Reformed theology magnifies God. I’m convinced of it. Last year in school I read parts of John Calvin’s Institutes in Christian Religion. While I don’t agree completely with every single thing Calvin believed, I’ve been so blessed to learn from this 16th century reformer. The reason I believe reformed theology magnifies God is because it reveals that without Him we would be swallowed up in the depth of our sins, unable to escape. When we begin to take that away by saying that man has some good in him with the ability to choose God, we lose that overwhelming gratefulness for all that God has done. Calvin explained it this way:
“Men indeed ought to be taught that God’s loving-kindness is set forth to all who seek it, without exception. But since it is those on whom heavenly grace has breathed who at length begin to seek after it, they should not claim for themselves the slightest part of His praise. It is obviously the privilege of the elect that, regenerated through the Spirit of God, they are moved and governed by His leading.”
Because God is the one who begins and works the process of salvation, HE is the only one who deserves the praise—we cannot claim any of it for ourselves as Calvin stated. God does not save us because He foresees anything good in us though, it is nothing righteous we have done! With this understanding we begin to realize that we should not complain about any type of suffering we face in this life, because we deserve nothing but death and the wrath of God.
“For if it had not been clearly stated that the wrath and vengeance of God and eternal death rested upon us, we would scarcely have recognized how miserable we would have been without God’s mercy, and we would have underestimated the benefit of liberation.”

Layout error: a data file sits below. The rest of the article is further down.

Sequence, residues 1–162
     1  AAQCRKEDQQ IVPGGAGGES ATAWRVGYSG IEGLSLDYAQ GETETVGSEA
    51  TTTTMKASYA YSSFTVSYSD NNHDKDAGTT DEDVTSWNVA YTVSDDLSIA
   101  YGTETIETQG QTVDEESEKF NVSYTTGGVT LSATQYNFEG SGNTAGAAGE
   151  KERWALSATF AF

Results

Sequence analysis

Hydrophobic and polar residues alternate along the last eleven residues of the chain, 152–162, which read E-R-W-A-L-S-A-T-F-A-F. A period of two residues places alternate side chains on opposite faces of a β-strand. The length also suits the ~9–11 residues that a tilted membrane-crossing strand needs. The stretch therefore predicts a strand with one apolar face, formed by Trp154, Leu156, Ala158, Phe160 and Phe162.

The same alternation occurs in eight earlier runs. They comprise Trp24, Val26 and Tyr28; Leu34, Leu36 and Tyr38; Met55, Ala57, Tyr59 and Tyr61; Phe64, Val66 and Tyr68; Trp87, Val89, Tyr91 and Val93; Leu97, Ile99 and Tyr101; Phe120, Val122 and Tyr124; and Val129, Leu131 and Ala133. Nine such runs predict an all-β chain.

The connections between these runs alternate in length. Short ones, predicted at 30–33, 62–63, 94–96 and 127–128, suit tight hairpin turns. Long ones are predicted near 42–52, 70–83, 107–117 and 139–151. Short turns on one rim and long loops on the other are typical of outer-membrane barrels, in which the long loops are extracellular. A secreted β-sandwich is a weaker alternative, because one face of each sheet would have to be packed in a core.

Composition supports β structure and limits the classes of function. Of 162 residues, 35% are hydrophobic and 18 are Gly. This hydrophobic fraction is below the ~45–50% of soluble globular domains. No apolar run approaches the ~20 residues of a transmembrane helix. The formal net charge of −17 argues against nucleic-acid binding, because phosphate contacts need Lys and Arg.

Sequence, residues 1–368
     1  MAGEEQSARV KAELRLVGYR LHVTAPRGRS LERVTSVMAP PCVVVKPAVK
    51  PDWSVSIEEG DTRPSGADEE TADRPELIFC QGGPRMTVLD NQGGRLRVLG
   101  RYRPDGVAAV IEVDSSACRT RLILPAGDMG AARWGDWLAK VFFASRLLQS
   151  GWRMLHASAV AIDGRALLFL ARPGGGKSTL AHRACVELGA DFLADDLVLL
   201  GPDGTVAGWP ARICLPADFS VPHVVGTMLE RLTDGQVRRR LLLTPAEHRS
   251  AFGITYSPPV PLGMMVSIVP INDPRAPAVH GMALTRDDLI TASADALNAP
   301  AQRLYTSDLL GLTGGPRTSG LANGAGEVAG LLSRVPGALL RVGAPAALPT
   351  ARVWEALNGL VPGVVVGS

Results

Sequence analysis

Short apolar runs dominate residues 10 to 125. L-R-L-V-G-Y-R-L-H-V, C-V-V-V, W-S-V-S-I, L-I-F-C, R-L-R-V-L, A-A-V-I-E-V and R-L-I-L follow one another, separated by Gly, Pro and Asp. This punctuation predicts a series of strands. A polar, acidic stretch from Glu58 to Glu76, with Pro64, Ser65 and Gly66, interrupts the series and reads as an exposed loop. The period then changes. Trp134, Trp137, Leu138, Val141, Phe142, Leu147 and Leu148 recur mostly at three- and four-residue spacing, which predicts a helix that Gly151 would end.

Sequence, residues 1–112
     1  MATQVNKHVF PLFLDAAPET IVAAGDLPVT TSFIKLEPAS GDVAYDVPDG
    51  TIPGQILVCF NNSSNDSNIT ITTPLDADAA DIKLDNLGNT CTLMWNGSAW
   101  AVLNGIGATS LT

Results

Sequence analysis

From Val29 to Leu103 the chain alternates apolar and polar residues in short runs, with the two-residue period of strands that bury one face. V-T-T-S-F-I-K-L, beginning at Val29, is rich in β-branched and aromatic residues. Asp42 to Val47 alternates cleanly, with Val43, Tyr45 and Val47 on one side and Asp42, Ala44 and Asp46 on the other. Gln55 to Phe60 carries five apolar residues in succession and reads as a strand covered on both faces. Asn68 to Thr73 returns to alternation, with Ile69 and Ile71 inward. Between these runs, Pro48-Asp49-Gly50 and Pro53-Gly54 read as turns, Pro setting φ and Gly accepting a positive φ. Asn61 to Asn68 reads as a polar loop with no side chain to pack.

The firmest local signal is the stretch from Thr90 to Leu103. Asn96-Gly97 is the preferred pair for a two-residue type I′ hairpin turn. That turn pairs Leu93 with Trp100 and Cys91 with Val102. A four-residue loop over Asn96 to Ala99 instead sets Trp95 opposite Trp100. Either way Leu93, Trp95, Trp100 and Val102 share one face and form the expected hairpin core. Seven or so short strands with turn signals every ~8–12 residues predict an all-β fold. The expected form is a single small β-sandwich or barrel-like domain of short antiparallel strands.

To say that we deserve better reveals that we believe we have done something to merit favor. However, for an unbeliever, even the “good” things we do are sinful and wicked in God’s sight because they are done with selfish motives.
“As long as we do not look beyond the earth, being quite content with our own righteousness, wisdom, and virtue, we flatter ourselves most sweetly, and fancy ourselves all but demigods. Suppose we but once begin to raise our thoughts to God, and to ponder His nature, and how completely perfect are His righteousness, wisdom, and power—the straightedge to which we must be shaped. Then, what masquerading earlier as righteousness was pleasing in us will soon grow filthy in its consummate wickedness. What wonderfully impressed us under the name of wisdom will stink in its very foolishness. What wore the face of power will prove itself the most miserable weakness. That is, what in us seems perfection itself corresponds ill to the purity of God.”
What an amazing thought. What we claim to be "righteousness" compared to God’s complete and perfect holiness is nothing but filthy rags. And yet God loves us and draws us to Himself to save, justify and sanctify us. What a blessed thought!
*quotes all taken from Institutes in Christian Religion